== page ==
The idea of picking a niche has always been a bit difficult for me to figure out until lately.
If you’ve been around marketing for any time at all, you’ve likely heard picking a niche is one of the most important decisions you can make…and I agree. No matter what you’re marketing – a product, a life changing idea, a service – you have to pick a niche.
But how do you actually do that?
If you’re part of a nonprofit, make sure to read to the end for special advice about marketing a cause
All the videos I’ve watched and all the articles I’ve read never really helped.
As a matter of fact, I usually just made videos about products and companies rather than picking a niche…and I’ve made tens of thousands this year doing just that…and built a little bit of a YouTube following.
But it’s not sustainable for a number of reasons…
There all A TON of niches that people say will make you the most money.
They say because these niches are evergreen, they're the best. Evergreen just means that people have always and will always spend money in these niches.
The common wisdom is that you should pick one of these because that's where people buy products and service more often and for more money.
And these are proven facts. Just like it's a proven fact there are more products and services for you to promote in these 'evergreen' niches than in other niches.
But those niches are HUGE. So I tried to niche down…which is what got me into the company and product game I talked about before.
In the last couple months, though, I’ve discovered a new way to think about picking a niche that’s really freed me up and given me a new start.
Maybe all those videos and articles weren’t useless after all…maybe my brain just finally got it?
As Confucius says...or, at least that's who I heard it attributed to, “when the student is ready, the teacher will appear.” My experiences and brain just weren't ready to see it until now...
I’ll tell you what that shift in thinking was and how you can use it if you’d like as well in a bit. But first, let’s talk quickly about why picking a niche is important.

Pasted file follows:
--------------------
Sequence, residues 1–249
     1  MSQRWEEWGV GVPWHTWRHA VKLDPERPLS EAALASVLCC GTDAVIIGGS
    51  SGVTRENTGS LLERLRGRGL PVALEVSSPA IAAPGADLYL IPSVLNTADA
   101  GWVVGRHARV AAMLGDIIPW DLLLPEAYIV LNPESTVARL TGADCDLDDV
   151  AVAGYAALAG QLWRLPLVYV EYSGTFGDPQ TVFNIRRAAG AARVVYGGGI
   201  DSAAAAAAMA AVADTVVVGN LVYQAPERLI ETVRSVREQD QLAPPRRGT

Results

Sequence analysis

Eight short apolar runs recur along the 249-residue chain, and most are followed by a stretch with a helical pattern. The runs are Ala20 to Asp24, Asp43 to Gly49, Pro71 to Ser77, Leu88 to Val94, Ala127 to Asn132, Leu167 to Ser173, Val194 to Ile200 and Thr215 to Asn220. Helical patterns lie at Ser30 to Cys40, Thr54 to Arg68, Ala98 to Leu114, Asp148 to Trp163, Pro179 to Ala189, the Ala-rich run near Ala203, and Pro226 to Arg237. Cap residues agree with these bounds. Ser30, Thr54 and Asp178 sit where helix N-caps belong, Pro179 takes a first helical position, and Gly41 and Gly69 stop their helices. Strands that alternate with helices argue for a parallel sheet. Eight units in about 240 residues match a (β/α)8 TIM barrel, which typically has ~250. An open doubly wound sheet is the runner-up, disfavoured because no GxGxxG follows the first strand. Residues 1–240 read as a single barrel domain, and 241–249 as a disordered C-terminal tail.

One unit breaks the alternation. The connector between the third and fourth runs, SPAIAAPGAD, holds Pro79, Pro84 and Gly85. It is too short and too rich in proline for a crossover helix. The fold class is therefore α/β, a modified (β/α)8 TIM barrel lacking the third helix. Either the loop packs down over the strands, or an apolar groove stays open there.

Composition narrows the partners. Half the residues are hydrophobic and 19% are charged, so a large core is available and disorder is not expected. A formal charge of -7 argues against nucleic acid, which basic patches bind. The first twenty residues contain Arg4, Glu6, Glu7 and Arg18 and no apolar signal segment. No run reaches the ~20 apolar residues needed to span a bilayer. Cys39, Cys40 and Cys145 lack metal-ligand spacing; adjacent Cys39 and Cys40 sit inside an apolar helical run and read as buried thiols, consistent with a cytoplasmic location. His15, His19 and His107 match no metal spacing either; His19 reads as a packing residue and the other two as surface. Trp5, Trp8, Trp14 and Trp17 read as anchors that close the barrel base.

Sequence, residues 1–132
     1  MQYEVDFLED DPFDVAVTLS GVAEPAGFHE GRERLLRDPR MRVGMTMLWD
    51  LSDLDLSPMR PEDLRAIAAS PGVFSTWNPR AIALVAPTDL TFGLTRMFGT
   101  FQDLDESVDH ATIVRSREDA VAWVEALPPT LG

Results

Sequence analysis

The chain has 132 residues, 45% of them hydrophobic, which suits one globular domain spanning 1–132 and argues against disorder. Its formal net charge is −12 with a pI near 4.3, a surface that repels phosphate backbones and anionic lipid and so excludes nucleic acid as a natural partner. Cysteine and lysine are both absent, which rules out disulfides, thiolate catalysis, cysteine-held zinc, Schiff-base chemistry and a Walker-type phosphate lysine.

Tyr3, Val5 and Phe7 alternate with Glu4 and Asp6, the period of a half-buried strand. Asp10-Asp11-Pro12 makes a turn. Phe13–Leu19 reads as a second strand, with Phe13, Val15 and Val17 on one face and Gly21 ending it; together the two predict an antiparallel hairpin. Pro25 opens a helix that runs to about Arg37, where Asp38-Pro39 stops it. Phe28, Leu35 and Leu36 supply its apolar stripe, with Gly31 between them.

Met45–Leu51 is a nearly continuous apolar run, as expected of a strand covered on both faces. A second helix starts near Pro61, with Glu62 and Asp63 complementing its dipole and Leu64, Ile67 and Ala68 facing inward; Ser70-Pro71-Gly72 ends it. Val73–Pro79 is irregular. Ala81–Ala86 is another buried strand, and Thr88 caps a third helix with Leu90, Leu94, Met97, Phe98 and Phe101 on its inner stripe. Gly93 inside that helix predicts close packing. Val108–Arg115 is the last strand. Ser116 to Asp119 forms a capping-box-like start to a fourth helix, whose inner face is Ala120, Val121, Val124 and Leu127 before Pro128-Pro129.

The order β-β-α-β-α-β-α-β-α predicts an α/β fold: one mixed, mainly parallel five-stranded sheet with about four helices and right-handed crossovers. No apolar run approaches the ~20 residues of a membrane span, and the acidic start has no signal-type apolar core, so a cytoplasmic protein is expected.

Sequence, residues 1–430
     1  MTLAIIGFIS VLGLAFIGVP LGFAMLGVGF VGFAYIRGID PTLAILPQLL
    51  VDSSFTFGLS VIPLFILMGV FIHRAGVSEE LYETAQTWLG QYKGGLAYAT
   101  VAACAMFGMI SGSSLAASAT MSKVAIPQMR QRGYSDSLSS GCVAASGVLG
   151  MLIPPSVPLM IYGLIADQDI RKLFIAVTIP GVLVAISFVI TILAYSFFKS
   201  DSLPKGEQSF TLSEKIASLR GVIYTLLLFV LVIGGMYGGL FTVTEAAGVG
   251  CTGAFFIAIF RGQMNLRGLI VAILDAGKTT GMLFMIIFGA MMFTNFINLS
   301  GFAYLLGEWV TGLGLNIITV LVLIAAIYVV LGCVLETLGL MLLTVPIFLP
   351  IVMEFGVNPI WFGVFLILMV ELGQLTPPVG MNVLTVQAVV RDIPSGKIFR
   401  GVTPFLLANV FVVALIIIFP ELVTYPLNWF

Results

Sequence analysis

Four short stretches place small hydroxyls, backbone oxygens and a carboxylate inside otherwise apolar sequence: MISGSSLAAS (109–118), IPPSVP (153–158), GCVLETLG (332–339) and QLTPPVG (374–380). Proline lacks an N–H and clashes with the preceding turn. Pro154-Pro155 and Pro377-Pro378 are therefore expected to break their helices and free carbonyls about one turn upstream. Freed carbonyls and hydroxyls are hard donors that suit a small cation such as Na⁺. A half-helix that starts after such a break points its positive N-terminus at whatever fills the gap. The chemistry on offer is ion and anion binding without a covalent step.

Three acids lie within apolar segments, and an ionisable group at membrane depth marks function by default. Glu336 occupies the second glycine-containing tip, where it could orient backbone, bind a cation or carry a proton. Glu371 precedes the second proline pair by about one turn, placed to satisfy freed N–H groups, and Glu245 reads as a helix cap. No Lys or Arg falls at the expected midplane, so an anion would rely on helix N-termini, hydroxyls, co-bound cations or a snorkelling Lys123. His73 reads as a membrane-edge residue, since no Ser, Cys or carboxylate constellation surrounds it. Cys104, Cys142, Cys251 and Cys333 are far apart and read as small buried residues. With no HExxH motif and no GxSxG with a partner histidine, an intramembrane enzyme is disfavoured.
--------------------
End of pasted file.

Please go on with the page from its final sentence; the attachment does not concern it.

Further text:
when the student is ready, the teacher will appear
We all know it is important, and EVERYONE tells you to do it, but why?
Why is it so important?
To me, it comes down to three things:
Let me give an example to illustrate the point…
Imagine you’re a digital marketing company…you run Facebook and Google ads for companies to get them more leads and clients.
Digital marketing is a MASSIVE niche.
You see all different kinds of service offerings from different companies…some companies focus on one type of marketing like search engine optimization or Facebook ads. Others focus strictly on lead generation or on building websites.
But the ones that are really successful (as in multi-million dollar annual billings) are those that specialize in a highly profitable niche and crush it.
Take Elite Legal Marketing for example...
They don’t do marketing for plumbers or restaurants or car dealers.
They only do digital marketing for lawyers.
And according to ZoomInfo, they rake in $9.5 million ever year.
Obviously, they’re good at what they do.
But it’s more than that…
By focusing only on attorneys, they've gotten to know the industry and the people that make it up. They’ve learned how to build rapport with people looking for legal help, how to build an effective website and advertising campaign and which metrics attorneys care about most when it comes to new client acquisition.
Plus…they’ve built a track record of performance and have built relationships with key players in the industry.
You think they could do that if they focused on five industries instead of just one?
Absolutely not…at least not without A LOT more complexity, personnel and cost.
Before I got into affiliate marketing, I ran a digital ad agency for about a year and this is one of the things that killed people in the mentoring group I was in…
They went after too many different niches because they needed the cash. They were trying to get quick sales.
And they all regretted it…
But I digress…
If you want to succeed on as small a budget as possible; with as little complexity as possible; and in as little time as possible, niching down is how you do that.
Niching down allows you to become an expert quickly (if you’re not already), showcase that expertise effectively because you can get found easier and allows you to become a big fish in a small pond instead of trying to being a small (or non-existent) fish in a large pond.
Ok, so now that we agree how important niching down is, let me tell you about that epiphany I mentioned earlier.
Let me tell you a quick story to lead in…
Earlier this year, things were going well…really well for me. I had a bunch of YouTube videos pulling in product sales for me almost every day.
March, April and May were record months for me…until the program I was promoting basically went belly up.
Their failure made me feel horrible because none of the people I introduced to the opportunity were having anywhere near the level of success I was and now they never would. I felt like I bamboozled them.
This led me to reconsider my business and how I was serving my audience.
I decided I wanted two things out of my business: